As usual, there’s a lot happening on coronavirus front, so we’re going with quick summaries and headlines in this post, starting with MassLive: “MBTA Transit Police officers start handing face coverings out to passengers after New Balance’s massive, 100,000-mask donation.” … From SHNS (pay wall): “’Testing Desert’ on Cape fueling frustration.” … WBUR reports on another virus outbreak at a state prison, this time at MCI-Shirley Medium. … From the Globe: “Man, 71, arrested for allegedly spitting at women in Ashburnham and telling them he has COVID-19.” … From the Herald: “Massachusetts nurses’ union calls for help for ‘exhausted’ frontline heroes.” … And from the Globe: “Six New Bedford bars fined for violating COVID-19 orders.”
Biden: Warren and Bernie are needed more in the Senate, not his cabinet
Bottom line: They’re staying put. President-elect Joe Biden isn’t ruling out possibly appointing U.S. Sens. Elizabeth Warren and Bernie Sanders to his new cabinet, as many progressives dearly want. But yesterday he seemed to be gently closing the door on Warren and Sanders joining his team, saying it would be ‘difficult’ to lose the two Dems in the Senate, reports Vaessa Romo at GBH.
Believe it or not: Trump made small gains in urban areas across Massachusetts
President Trump got an overall shellacking in most urban areas across the state in the Nov. 3 election. Still, he did make small gains three weeks ago, compared to 2016, among voters in many urban areas, some of them in highly unlikely places, such as Boston’s predominantly Black neighborhoods of Roxbury, Dorchester and Mattapan. CommonWealth’s Michael Jonas reports.
Globe readers to newspaper: Oh, we want Trump dragged out of the White House, all right
They aren’t demanding President Trump be tarred and feathered as he leaves the White House in January. But they do want him dragged out of the White House, kicking and screaming if need be, according to the Globe’s Beth Teitell, who has a fun follow-up story this morning about readers’ reaction to her previous piece about how the president might be coaxed, tricked and lured out of the White House, short of dragging him out the front door.
Shocking poll: Trump would wipe out Baker in a GOP presidential primary in 2024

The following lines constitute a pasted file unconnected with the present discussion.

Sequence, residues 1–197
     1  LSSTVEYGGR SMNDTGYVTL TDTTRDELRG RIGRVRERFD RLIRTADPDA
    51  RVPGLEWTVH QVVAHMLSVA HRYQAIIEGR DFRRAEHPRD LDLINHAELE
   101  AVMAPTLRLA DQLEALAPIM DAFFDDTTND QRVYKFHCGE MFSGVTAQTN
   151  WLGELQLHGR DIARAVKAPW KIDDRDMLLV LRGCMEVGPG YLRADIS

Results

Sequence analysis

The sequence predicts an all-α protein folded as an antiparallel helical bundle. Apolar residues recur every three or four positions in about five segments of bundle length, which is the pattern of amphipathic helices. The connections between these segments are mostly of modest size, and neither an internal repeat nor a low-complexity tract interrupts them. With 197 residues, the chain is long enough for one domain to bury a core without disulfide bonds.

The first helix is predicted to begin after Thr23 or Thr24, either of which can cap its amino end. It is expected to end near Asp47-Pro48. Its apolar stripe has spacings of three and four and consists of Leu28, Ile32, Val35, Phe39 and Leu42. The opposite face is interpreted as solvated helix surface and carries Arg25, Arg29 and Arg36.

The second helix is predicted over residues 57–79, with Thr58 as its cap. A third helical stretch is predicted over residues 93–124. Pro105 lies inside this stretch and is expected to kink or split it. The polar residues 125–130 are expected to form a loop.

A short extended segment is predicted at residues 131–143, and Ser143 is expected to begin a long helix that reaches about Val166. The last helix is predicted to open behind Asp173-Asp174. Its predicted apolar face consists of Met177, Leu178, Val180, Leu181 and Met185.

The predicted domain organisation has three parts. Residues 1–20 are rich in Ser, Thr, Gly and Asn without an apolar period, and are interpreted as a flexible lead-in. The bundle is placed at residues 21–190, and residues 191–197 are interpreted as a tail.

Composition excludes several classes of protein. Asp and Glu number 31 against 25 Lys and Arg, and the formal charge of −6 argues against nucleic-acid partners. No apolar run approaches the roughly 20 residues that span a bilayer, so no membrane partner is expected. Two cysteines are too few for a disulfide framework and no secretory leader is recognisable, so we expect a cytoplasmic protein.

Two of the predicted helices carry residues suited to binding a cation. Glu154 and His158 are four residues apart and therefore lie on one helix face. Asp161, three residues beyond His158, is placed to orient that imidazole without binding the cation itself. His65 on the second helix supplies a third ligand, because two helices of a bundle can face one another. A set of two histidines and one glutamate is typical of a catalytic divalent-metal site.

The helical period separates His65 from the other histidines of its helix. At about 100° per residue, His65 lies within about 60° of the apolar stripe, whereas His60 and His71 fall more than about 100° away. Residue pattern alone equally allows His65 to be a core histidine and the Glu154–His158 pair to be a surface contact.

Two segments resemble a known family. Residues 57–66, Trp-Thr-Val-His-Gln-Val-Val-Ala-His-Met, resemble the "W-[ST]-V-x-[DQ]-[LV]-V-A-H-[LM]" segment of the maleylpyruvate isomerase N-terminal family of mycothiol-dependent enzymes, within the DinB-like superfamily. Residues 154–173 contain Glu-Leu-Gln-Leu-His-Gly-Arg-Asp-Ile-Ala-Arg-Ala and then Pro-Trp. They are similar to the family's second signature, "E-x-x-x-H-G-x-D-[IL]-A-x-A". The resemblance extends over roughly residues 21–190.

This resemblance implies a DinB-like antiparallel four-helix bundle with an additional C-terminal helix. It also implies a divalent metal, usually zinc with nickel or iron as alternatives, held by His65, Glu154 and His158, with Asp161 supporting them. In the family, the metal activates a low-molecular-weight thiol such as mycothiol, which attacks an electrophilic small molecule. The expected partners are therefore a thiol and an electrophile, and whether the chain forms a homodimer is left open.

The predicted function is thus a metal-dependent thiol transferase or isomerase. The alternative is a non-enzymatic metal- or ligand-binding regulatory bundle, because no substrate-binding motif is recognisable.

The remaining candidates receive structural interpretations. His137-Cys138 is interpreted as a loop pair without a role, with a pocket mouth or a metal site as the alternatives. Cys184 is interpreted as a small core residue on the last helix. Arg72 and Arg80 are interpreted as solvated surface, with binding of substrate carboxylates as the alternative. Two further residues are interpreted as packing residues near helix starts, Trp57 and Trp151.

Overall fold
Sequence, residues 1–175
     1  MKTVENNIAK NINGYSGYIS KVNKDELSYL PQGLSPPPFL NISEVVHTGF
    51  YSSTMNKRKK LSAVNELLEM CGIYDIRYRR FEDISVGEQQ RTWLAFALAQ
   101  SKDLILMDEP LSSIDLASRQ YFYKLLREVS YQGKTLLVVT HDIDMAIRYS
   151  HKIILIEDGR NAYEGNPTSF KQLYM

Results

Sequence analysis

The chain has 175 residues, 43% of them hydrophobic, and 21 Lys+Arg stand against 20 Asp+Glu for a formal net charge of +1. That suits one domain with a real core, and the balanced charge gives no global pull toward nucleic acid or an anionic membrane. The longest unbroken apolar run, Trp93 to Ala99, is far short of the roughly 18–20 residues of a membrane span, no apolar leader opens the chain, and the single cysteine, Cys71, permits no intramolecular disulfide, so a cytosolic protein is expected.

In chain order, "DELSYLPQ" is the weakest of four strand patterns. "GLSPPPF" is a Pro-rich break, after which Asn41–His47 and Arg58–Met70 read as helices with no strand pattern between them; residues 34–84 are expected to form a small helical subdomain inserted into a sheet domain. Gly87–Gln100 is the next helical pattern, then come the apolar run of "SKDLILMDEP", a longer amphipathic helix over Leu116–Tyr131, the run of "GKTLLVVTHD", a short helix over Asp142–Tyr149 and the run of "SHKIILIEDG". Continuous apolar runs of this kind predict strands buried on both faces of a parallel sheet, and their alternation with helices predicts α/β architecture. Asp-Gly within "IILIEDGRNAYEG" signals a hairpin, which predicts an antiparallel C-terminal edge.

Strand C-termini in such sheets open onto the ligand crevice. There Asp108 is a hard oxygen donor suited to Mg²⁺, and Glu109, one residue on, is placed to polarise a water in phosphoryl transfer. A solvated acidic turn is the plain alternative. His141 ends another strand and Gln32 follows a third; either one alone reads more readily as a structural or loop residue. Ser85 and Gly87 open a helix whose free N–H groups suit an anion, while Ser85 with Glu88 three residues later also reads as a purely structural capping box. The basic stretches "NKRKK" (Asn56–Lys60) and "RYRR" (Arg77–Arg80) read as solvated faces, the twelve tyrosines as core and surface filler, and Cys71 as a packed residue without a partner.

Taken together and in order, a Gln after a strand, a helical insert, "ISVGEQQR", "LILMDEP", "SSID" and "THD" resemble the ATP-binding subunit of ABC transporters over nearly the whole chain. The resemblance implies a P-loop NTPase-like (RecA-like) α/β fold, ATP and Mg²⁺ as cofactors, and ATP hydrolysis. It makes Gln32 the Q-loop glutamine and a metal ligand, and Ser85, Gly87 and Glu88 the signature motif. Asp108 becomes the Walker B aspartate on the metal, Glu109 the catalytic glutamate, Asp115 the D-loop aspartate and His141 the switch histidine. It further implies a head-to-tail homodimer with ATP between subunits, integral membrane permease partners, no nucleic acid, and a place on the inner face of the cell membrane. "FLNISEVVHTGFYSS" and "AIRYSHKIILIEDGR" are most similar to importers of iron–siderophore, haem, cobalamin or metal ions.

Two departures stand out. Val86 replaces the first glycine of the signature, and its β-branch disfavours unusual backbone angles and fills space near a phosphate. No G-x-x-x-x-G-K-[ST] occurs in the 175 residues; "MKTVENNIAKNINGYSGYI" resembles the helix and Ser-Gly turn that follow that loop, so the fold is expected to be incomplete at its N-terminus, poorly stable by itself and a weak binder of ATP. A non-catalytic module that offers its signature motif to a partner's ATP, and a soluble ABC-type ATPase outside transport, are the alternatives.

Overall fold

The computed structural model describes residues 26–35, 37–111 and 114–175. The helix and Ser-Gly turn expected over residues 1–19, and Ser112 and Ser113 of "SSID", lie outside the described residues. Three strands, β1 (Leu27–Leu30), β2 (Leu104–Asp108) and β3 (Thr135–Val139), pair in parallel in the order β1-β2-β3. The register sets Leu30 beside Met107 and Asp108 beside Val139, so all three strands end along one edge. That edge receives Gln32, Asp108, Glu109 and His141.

A Politico/Morning Consult survey shows strong support among Republican voters for Donald Trump should he decide to run for president again in 2024, reports Benjamin Kail at MassLive. And in hypothetical matchups with potential GOP primary contenders – including our very own Charlie Baker – Trump would wipe ‘em all out. We’re not surprised at the results. We are surprised, though, that Baker is even mentioned as a potential contender.
Last seat taken: Dropped recount means Oliveira will join Legislature
And then there were none. Democrat Jacob Oliveira has been declared winner of the open 7th Hampden District House seat after GOP challenger James “Chip” Harrington dropped his recount request, Chris Lisinski at State House News Service reports. The seat is the last to be awarded after the Nov. 3 election because Harrington had initially pursued a recount after one of the town clerks in the district briefly posted incorrect results.
If BPD won’t do it, the Globe will: Newspaper creates its own public database of police disciplinary actions
Good luck getting information from the Boston Police Department regarding alleged misconduct by city cops. The city doesn’t have a comprehensive, transparent database that the public can access on police disciplinary actions. But now the Globe has one – and they’re inviting the public to search away.
Pot retailers issue blunt warning to regulators: We’ll sue if you pass new marijuana delivery rules next week
SHNS’s Colin Young reports that an attorney representing marijuana retail shop owners has sent a letter to the Cannabis Control Commission bluntly warning that they’ll take legal action if regulators next week, as expected, pass a new rule that would allow some delivery companies to sell pot directly to consumers, saying the commission is overstepping its legal bounds.
Finally: After two years, Pittsfield mayor’s home-improvement plan approved by council
It took two years and an election cycle that revamped the City Council, but Pittsfield Mayor Linda Tyer has finally won approval for her plan to use GE cleanup funds to create a forgivable loan program to encourage homeowners to spruce up run-down properties, reports Larry Parnass at the Berkshire Eagle.
Wake-up call: Lowell council pledges action after fatal fire highlights department’s woes
Members of the Lowell city council are promising action to improve the city’s fire department after a fatal blaze in the city that firefighters were delayed in responding to because of an out-of-service fire truck, Robert Mills at the Lowell Sun reports. The first order of business: Finding more funds for the department, either in the municipal budget or from federal grants.
Not just the Pats: Sox, Celts, Bruins and Revolution also push for sports betting
We knew the New England Patriots were backing efforts to pass legalized sports betting in Massachusetts. But SHNS’s Colin Young (pay wall) reports all five professional sports teams in the state – the Red Sox, Celtics, Bruins and Revolution, as well as the Pats – recently signed a letter urging lawmakers to act on sports-betting legislation. Young has the details.